LONDON The Afghan government has levied at least $93 million in taxes on U.S. contractors that should have been exempt under agreements reached between the two governments, according to a new report from a congressionally mandated special inspector general's office.
In total, since the office of the Special Inspector General for Afghanistan Reconstruction (SIGAR) began auditing the tax payments of 43 different contractors working for U.S. government agencies in 2008, those contractors have paid $921 million to the Afghan Ministry of Finance (MOF), according to the report.
While SIGAR said $93 million of that was assessed in violation of the U.S.-Afghan tax agreements, it adds that, "based on our audit work, we believe that much of the remaining taxes are also illegitimate."
The audit "identified instances in which the MOF assessed tax liabilities on contractors even though the contractors held MOF-issued tax exemption certificates," according to the 37-page report (PDF) published Tuesday.
While SIGAR's report is highly critical of the MOF for allegedly levying the improper taxes, it also sharply accuses at least two U.S. government agencies of reimbursing contractors - at U.S. taxpayer expense - for tax charges they should never have paid in the first place.
The report alleges that contracting officers at both the Department of Defense (DOD) and the State Department's Bureau of International Narcotics and Law Enforcement Affairs (INL) "do not fully understand Afghanistan's tax laws and, as a result, they have improperly reimbursed contractors for taxes paid to the Afghan government."
CBS News has been unable to contact officials with the Afghan Ministry of Finance to comment on the allegations, but the SIGAR report itself makes it clear that a disagreement over precisely which U.S. contractors should be subject to Afghan taxes is at the heart of the matter.
"MOF officials assert that the DOD and State INL agreements provide tax-exempt status only to prime contractors, and not subcontractors, whereas U.S. government officials contend that the agreements provide tax exemption for all non-Afghan companies (both prime and subcontractors) supporting U.S. government efforts," explains the report.
Contacted by CBS News on Tuesday, Ministry of Finance media spokesman Najib Manali confirmed that, in the ministry's view, the tax agreements do not provide exemption to subcontractors - only companies "dealing directly with U.S. and NATO forces." The MOF told CBS News Kabul bureau chief Mukhtar Ahmad that the agreement was signed by the Ministry of Foreign Affairs. The Afghan government would not provide CBS News with a copy of the document.}
Contractors have been a huge part of the U.S. war effort in Afghanistan as they were previously in Iraq. CBS News correspondent David Martin reported in the summer of 2011 that as many as 260,000 contractors were on the U.S. government payroll at any one time, and amid the chaos of war, it has all been too much for Washington to manage.
A separate independent commission reported in 2011 that the U.S. government was "wasting between $30 and $60 billion during the course of our engagements in Iraq and Afghanistan" due to corruption and poor contractor accountability.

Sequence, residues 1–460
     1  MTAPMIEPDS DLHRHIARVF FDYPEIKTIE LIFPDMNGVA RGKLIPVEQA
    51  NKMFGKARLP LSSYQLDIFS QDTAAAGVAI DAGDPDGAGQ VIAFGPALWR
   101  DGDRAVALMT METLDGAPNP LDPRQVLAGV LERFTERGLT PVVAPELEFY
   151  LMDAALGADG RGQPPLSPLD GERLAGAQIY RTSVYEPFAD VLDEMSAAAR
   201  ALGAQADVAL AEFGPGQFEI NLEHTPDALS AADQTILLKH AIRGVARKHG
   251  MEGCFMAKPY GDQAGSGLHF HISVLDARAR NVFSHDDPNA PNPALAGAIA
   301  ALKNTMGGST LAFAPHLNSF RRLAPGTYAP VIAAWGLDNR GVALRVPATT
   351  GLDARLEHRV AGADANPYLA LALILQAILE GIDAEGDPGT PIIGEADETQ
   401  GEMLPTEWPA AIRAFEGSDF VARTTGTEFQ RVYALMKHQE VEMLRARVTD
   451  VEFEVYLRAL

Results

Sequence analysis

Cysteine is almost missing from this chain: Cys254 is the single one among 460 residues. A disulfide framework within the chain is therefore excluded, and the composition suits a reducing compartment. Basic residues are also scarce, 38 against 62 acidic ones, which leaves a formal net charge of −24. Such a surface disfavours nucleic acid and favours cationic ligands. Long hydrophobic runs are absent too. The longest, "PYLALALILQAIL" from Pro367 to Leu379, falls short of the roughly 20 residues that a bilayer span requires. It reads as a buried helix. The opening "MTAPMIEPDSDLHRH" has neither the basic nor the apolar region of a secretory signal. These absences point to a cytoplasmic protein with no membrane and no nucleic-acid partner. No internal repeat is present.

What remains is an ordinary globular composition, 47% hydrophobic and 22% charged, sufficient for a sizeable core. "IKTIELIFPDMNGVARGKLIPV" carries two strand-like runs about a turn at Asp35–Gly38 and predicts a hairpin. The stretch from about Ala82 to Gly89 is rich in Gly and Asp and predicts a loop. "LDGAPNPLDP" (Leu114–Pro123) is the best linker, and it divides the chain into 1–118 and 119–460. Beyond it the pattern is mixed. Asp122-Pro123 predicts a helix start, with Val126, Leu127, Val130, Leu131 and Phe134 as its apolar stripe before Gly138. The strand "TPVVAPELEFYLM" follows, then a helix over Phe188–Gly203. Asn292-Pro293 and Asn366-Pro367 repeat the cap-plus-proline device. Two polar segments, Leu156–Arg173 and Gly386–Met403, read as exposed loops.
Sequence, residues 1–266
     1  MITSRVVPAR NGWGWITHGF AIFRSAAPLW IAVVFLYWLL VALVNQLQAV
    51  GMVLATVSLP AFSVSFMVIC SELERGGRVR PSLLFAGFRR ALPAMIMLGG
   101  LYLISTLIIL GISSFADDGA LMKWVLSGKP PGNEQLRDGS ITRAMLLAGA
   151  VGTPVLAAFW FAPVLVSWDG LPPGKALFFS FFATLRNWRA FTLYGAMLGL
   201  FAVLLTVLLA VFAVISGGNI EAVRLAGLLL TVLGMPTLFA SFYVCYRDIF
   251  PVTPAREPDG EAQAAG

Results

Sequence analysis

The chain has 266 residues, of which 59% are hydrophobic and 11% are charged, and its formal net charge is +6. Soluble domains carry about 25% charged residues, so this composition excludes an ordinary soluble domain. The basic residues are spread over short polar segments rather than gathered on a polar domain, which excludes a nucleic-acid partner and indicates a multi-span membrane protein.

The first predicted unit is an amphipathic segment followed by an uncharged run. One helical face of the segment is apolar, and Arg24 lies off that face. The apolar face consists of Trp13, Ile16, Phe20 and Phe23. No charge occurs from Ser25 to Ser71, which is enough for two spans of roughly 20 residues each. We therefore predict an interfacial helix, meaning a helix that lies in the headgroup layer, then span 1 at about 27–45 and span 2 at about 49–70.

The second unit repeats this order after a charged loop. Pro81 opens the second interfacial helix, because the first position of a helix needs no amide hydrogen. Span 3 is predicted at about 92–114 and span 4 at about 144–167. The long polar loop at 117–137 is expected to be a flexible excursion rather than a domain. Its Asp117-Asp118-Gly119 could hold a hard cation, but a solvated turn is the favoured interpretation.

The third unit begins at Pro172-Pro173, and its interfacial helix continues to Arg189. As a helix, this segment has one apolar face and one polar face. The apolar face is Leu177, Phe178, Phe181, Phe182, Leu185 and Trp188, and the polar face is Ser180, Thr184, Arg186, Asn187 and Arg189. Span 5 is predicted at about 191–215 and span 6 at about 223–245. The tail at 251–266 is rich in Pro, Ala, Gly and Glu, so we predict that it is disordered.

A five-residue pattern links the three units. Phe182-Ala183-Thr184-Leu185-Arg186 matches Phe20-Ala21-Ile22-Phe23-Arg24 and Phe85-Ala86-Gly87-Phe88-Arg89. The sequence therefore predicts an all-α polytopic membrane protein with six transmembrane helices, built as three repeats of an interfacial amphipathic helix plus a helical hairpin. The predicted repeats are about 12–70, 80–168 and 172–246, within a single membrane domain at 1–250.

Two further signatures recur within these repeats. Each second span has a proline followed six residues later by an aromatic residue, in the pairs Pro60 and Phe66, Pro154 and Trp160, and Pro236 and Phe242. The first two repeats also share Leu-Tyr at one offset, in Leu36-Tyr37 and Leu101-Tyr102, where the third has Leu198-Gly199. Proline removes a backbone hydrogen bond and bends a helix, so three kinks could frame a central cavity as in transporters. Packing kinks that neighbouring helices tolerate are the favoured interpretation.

SIGAR detailed in its report suggestions made by the office of Special Inspector General John Sopko to the heads of six U.S. agencies, including Secretary of State John Kerry and Secretary of Defense Chuck Hagel.
According to the audit report, the office responsible for managing contractors for U.S. Central Command (CENTCOM) and the U.S. Army Corps of Engineers both "concurred with SIGAR's recommendations."
Responding to the recommendations, CENTCOM's Joint Theater Support Contracting Command, based in Afghanistan, said April 17 that it had taken "aggressive action to develop procedures and conduct training to address the deficiencies noted by SIGAR."
The Army Corps of Engineers replied to each of three relevant recommendations from SIGAR by outlining plans to alter training of its contracting officers to help them "gain a better understanding of their responsibilities to assist contractors in the tax exemption process."
One of the broadest recommendations from the SIGAR audit, however, was issued to the State Department, urging the agency to, "develop a consistent, unified position on what the U.S. government deems appropriate taxation of contractors supporting U.S. government efforts in Afghanistan."
That suggestion was dismissed by the State Department when offered up in a draft of SIGAR's report. According to the final report, State "argued that such a unified position already exists and that it is inappropriate to suggest that there are inter-agency differences" over how contractors are led to deal with Afghan taxation.
The State Department's international aid agency, USAID, also deflected SIGAR's criticism, telling the special inspector general's office, "the recommendations made had already been implemented, were not applicable, or lacked detailed analysis for the agency to implement," according to the report.
A letter written to Special Inspector General Sopko from USAID, dated April 26, accuses SIGAR's report of "failing to differentiate successful implementation from problems and thereby confusing readers into thinking that legitimate tax assessments were levied and paid in error."
Fingerpointing between the Afghan and U.S. governments and between the special inspector general's office and the agencies it was tasked with overseeing aside, the audit - and the fingerpointing itself - is further evidence that inefficiencies born of a war managed by armies of outsourced labor continue to cost U.S. taxpayers dearly.